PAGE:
Two Moors Way Coast to Coast
About this walk
The Devon Coast to Coast walk (Two Moors Way) runs between Wembury on the South Devon coast and Lynmouth on the North Devon coast, passing through two National Parks, Dartmoor and Exmoor.
The Two Moors Way is an amazing route of 187km/117 miles, passing through the gently rolling South Hams, the Heart of Devon – Dartmoor’s beautiful National Park, then Exmoor’s sandstone plateau in their National Park.
The trail crosses both the Exmoor and Dartmoor National Parks, taking in a variety of landscapes, from moorland and valleys to woodland and farmland. The trail is typically completed over the course of 5-7 days, although some people choose to walk shorter sections or complete the entire trail in fewer days. The route is well-marked and includes a mixture of footpaths, bridleways, and quiet country lanes.
Along the way, walkers can enjoy stunning views of the surrounding countryside, as well as historic sites such as Tarr Steps, an ancient clapper bridge over the River Barle, and the remote village of Withypool.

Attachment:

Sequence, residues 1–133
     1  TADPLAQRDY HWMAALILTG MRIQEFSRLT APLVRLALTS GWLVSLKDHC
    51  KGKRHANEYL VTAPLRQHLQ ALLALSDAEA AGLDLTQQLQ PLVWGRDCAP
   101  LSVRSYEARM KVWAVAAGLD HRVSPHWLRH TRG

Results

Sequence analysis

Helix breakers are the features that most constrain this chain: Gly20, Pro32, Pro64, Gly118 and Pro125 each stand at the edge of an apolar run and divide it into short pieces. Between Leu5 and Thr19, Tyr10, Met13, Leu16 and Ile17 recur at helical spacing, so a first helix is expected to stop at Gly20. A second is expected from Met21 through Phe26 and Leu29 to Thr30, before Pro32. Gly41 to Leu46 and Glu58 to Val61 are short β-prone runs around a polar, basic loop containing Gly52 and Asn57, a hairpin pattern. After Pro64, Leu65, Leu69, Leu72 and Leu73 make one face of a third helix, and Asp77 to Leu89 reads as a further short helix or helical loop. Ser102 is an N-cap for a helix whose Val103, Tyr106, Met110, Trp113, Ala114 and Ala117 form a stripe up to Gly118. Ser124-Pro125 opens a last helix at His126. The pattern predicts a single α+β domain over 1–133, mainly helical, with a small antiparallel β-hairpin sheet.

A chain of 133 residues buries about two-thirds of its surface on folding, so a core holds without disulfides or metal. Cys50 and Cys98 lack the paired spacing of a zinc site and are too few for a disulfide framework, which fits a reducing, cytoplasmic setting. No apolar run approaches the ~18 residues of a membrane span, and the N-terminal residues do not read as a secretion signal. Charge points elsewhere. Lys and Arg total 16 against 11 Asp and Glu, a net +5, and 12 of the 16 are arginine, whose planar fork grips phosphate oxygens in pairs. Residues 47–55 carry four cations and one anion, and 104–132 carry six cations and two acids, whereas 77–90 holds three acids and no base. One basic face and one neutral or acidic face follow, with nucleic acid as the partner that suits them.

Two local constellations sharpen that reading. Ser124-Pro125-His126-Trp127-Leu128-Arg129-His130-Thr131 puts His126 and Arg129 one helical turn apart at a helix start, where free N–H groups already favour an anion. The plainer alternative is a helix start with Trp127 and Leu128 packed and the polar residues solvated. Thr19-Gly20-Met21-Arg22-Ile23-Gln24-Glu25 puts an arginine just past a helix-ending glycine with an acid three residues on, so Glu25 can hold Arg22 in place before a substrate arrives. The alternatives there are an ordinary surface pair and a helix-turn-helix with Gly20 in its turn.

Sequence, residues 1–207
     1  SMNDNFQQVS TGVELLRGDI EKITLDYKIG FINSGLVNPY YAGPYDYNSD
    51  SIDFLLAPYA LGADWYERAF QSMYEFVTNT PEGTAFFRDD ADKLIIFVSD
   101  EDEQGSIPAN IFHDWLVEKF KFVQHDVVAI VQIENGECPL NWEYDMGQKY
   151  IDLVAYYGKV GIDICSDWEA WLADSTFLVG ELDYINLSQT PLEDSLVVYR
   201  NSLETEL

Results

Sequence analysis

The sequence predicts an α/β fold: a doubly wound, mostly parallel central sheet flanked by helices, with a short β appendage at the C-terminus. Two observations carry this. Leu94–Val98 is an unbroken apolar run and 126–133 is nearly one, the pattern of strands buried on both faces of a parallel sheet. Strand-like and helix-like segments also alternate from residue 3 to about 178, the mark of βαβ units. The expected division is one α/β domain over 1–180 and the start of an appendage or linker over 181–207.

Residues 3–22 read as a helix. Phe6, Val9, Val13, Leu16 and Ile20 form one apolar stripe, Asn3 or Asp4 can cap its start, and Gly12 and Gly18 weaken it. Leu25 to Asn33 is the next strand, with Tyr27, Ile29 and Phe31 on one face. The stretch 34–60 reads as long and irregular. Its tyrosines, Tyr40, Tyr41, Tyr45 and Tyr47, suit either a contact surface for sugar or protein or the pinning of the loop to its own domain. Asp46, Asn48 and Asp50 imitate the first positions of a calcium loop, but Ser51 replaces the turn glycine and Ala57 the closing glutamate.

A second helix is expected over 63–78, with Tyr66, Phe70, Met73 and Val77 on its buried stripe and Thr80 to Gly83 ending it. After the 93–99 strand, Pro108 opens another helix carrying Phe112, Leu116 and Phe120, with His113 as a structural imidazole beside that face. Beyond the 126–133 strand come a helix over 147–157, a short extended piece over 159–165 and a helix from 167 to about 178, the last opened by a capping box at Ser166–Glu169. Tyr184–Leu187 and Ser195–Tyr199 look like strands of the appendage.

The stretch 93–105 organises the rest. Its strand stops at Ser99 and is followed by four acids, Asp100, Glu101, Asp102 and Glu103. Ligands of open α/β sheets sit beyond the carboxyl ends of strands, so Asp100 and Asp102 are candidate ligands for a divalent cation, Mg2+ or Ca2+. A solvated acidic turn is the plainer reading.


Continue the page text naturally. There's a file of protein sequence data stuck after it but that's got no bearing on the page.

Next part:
Accommodation options along the route include campsites, B&Bs, and hotels, and there are also several pubs and cafes where walkers can stop for a bite to eat.
The best time of year to walk the Two Moors Way is generally from late spring to early autumn, although the weather can be unpredictable and walkers should be prepared for all conditions. It’s also important to plan ahead and ensure that you have the right equipment, including sturdy walking boots, waterproofs, and plenty of water and snacks.
On the Dartmoor section walkers will encounter Bronze Age hut circles, standing stones and rows; extensive tin-working evidence dating from medieval times; herds of free-living ponies, wooded valleys and sparkling rivers, small stone-walled fields and attractive hamlets.
The route doesn’t have to be walked in one go and can be split into a number of great day walks. You can see the different sections here on the Two Moors Way website – twomoorsway.org/route-sections
It’s also not particularly challenging in terms of terrain, but there are a couple of tricky stretches – such as from Ivybridge to Scoriton on Dartmoor, across largely unsigned moorland.
There are some stages lacking in places to buy food and drink, with limited accommodation (especially in Mid Devon), so it’s important to plan your trip properly. We’ve plenty of accommodation for you to choose from on Dartmoor – visitdartmoor.co.uk/stay